By the way, GAO pointed out that all of the states’ estimates of administrative costs are actually too low because they don’t include the cost of required evaluations among other things. And it’s worth noting, of course, that states are spending all this money hiring consultants, vendors and managed care companies to facilitate a policy that is kicking people off health coverage that they need to help them work. But I digress.
You might think – wow that sounds like a lot of money for a state like Kentucky to spend, since the state cited the need to maintain fiscal sustainability in its Medicaid program in court as a reason for doing the waiver in the first place. Kentucky’s high administrative costs have been known for some time; what was new in the GAO report was the finding that the state received a higher matching rate for these funds than was allowable – with the feds picking up 90% of the tab.
Typically, Medicaid administrative costs are reimbursed at a 50/50 matching level—regardless of a state’s regular matching rate (Kentucky’s was 71.67% in FY 2019). But states can receive a 90% federal match for the costs of new IT systems associated with new eligibility and enrollment systems. Maintenance and operation of these systems are matched at 75%. So, to avoid putting in as few state dollars as possible, states had an incentive to claim as much spending in the IT bucket as possible. And that, according to GAO investigators, is exactly what happened:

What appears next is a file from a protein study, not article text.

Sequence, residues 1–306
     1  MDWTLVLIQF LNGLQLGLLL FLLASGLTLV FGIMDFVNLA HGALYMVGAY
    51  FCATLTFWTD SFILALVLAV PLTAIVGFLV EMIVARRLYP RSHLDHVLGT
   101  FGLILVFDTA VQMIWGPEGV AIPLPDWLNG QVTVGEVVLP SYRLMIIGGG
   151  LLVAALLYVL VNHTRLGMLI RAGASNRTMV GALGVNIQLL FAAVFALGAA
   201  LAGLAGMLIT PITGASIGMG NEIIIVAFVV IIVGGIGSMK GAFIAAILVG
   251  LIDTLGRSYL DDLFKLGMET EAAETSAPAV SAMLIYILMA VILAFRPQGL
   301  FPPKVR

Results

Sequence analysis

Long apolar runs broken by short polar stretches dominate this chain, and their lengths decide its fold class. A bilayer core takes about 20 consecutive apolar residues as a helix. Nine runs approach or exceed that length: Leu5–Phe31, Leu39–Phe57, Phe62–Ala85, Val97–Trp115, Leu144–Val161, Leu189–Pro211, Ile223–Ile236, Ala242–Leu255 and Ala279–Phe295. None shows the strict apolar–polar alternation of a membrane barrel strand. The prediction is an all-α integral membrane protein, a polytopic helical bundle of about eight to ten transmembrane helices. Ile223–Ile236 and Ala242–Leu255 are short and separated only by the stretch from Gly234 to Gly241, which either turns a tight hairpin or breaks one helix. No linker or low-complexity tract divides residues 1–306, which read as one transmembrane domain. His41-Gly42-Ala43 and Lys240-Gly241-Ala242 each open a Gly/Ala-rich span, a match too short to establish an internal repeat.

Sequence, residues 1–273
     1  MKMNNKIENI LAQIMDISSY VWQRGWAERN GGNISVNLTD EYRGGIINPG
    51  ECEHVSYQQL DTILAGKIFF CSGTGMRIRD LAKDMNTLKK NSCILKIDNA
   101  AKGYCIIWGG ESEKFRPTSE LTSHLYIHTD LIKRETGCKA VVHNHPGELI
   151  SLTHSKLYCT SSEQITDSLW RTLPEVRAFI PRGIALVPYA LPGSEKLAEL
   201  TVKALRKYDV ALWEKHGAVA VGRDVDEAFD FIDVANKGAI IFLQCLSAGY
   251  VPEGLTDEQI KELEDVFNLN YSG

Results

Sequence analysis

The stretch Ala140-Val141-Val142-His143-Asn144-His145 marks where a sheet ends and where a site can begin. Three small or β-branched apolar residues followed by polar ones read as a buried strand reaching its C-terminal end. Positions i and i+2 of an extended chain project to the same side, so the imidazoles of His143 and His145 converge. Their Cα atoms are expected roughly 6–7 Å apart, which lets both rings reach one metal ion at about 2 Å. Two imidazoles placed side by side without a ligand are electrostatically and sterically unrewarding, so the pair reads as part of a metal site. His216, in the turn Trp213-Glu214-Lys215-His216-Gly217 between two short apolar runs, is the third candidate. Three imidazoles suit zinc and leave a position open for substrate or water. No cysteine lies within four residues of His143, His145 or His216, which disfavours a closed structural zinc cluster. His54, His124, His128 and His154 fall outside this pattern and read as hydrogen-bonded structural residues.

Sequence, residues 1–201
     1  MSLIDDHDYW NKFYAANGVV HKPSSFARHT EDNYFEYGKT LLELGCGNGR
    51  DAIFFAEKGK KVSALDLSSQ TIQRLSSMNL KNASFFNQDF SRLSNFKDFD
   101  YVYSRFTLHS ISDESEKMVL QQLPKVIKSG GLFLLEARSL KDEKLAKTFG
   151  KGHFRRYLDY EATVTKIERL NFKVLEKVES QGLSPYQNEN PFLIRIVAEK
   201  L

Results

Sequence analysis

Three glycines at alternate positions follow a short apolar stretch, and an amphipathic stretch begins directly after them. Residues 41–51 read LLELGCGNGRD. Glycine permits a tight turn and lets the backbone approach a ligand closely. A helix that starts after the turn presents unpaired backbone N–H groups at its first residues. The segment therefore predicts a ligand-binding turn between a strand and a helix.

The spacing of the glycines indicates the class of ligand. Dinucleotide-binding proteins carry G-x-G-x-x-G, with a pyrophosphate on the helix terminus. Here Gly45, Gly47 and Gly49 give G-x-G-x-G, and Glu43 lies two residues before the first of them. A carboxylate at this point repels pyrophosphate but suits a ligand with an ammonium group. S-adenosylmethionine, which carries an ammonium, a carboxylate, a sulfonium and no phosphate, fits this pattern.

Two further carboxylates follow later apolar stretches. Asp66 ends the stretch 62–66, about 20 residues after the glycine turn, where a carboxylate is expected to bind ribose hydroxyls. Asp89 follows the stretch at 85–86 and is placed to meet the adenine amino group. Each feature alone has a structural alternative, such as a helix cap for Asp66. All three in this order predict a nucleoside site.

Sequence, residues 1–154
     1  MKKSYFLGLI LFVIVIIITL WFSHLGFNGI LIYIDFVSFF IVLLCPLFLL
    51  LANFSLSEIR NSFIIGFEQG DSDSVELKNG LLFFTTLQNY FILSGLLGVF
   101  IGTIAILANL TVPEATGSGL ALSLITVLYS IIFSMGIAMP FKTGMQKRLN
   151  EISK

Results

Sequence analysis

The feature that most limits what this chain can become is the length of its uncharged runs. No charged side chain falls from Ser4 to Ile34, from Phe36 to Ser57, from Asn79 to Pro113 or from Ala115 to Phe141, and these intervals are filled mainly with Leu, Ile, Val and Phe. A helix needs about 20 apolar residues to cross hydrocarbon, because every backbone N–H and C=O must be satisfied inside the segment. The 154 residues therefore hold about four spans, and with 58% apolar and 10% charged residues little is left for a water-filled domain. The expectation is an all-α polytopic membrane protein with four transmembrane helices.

“Three of our five selected states requested and received funding approval for planned IT costs to implement their demonstrations that did not appear to be allowable or at higher matching rates than appropriate under CMS guidance.” (P. 29)
GAO found that problems existed in Kentucky, Indiana and New Hampshire – including a contract in Kentucky that went to the state’s Department of Workforce Services to help beneficiaries obtain and retain employment that CMS approved without renewing it and likely represented an inappropriate use of funding.
And, in another issue that has also been referred to the Inspector General (see footnote 50) CMS approved Indiana’s request for a 90% match rate on a $500,000 contract with a consultant to develop work requirement policies – which should have been reimbursed at a 50% match rate. Interesting in light of Politico’s recent reporting that Administrator Verma (a former consultant for the state of Indiana) has spent millions of federal dollars for campaign consultants to burnish her image.